Your Reading List

Wintering calves with their mothers

Most cows and calves will naturally wean themselves by February

Allowing May/June calves to run with their mothers until mid-winter (February and March) is considered a more natural weaning cycle.

Many beef producers are calving later in the year (April, May or June) rather than early, to be more in tune with nature. They have green grass at calving and less need for harvested forage when the cow’s nutritional needs peak during lactation. Along with later calving comes the necessity for later weaning. Some choose to winter the calves with the cows and wean at about 10 months of age (in late February or March) rather than wean during late fall or early winter.

Nick Faulkner of Ruso Ranch in North Dakota has been wintering calves with their mothers for about 13 years. “We keep them on their mothers about 10 months, pulling them off two months before the cows calve again,” he says. “Every year I’ve been pushing the calving season back a little. Last year we started the middle of May and eventually we will calve in June. We want to calve out on pasture.”

Spring weather in North Dakota can be nasty, and some ranchers are calving later with good success. “Calving later is easier, with less workload,” Faulkner says. “Later calving has worked very well for us, along with wintering calves with their mothers. We don’t give any vaccinations for scours or other calf diseases.” Being on mother’s milk through winter without the stress of weaning keeps calves healthy.

Faulkner says they do monitor the cows’ body condition through winter and adjust rations to keep them in good shape. They feed a lot of cover crops that are put up as hay. “The cows are getting top-quality feed to help them keep body condition,” Faulkner says. Even if some lose a little weight, most of the thinner cows bounce back before they calve.

He also finds that wintering pairs together simplifies the winter feeding program. They no longer raise corn for silage, in favour of producing more hay. “We’re doing a lot of bale grazing, trying to reduce costs,” he says. “It all ties together, with later weaning. Calves are eating with the cows whether bale grazing or pasture grazing, rather than waiting for the truck to bring feed to them.” Animals are motivated to find their own feed and don’t become so lazy.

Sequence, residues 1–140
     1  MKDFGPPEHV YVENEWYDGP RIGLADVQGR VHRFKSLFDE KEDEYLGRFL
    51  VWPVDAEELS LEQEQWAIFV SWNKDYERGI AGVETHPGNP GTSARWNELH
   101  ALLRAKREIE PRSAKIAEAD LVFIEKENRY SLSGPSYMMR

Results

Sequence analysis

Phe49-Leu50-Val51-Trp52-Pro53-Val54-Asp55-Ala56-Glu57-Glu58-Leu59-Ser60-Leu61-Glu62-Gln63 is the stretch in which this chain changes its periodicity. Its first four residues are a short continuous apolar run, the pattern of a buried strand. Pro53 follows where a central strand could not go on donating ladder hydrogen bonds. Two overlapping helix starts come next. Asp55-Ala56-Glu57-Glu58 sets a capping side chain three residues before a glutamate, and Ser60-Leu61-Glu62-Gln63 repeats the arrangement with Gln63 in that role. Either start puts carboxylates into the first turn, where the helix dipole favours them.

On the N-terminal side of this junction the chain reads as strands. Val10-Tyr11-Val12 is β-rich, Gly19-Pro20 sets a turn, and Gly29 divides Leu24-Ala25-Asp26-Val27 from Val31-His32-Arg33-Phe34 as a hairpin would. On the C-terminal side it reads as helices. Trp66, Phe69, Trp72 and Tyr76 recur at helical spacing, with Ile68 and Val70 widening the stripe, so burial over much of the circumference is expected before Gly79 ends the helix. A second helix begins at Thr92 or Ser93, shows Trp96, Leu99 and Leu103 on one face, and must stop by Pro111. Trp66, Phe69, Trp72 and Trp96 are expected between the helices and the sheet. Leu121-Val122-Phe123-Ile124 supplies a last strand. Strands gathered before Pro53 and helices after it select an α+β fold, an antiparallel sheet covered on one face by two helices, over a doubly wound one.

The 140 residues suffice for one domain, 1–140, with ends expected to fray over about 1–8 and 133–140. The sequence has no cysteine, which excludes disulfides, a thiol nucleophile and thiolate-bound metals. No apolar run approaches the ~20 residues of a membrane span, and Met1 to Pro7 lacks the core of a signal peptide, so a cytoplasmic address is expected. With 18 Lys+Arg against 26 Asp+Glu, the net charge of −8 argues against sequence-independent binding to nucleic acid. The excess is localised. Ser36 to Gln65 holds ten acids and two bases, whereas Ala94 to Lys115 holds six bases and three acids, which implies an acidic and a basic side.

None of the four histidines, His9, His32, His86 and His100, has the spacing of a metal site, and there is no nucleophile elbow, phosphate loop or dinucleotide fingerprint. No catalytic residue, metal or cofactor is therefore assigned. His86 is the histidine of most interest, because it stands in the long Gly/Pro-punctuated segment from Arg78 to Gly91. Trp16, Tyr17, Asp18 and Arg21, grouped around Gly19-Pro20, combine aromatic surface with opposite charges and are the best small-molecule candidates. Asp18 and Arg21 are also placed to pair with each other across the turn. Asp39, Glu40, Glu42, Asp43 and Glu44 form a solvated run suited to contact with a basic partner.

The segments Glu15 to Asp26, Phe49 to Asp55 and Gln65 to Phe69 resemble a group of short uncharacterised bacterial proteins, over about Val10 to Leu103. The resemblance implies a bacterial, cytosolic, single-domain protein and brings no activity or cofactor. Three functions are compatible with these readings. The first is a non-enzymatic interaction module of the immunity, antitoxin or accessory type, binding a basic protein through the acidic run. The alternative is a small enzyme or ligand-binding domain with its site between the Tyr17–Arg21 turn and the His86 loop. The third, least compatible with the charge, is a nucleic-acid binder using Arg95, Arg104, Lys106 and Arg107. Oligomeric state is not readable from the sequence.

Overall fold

Photo: Heather Smith Thomas.

“One of the biggest things I’ve noticed about the later weaning is how much easier it is,” Faulkner says. “We have fewer problems and less sickness. Calves go through winter much better with the cows than they do if they’d been weaned and separated.”

Increasing herd numbers

The ranch has been gradually increasing cow numbers. “We keep our own heifers rather than buy replacements,” he says. “We keep our calves after weaning, running them as yearlings on grass to sell in the fall.”

Calves weaned in late February really bloom on the grass. “We like to run them on dry grass at first rather than lush green grass,” Faulkner says. The weaned calves start eating the new shoots under the old grass and gradually get onto fresh grass.

“They are not stressed at all by weaning; many of them are already weaned by their mothers by the time we wean the group,” Faulkner says, noting this is a natural age for cows and calves to go their separate ways.

Calves stay with cows for eight to 10 months, depending on the year. By February about 75 per cent of the calves are already self-weaned because the cows are kicking them off. Then it’s not such a big deal when we pull the rest of them off, he says. For the final transition, remaining cow-calf pairs are fenceline-weaned in the barnyard. The calves are in the lot, while cows are on the other side of the fence.

Stockpiling grass for various times of year is one of the strategies he is working on. It’s always a work in progress, fine-tuning the management to fit goals “There are folks here in the North Dakota Grazing Lands Coalition who have been good mentors for us,” Faulkner says. Much of this weaning and management philosophy is based on holistic management practices and working with instead of against nature.

“We try to look at the whole picture,” he says. “The deer don’t have their fawns in January or February; they give birth in late May and into June.” He says it is important to learn from natural processes.

While wintering pairs together is a new concept for many producers in North America, it is a practice that’s been used in other places such as Australia and Africa for a long time.

While it may not work in all situations, it is one of those “new ideas” that may be worth consideration.

About the author



Stories from our other publications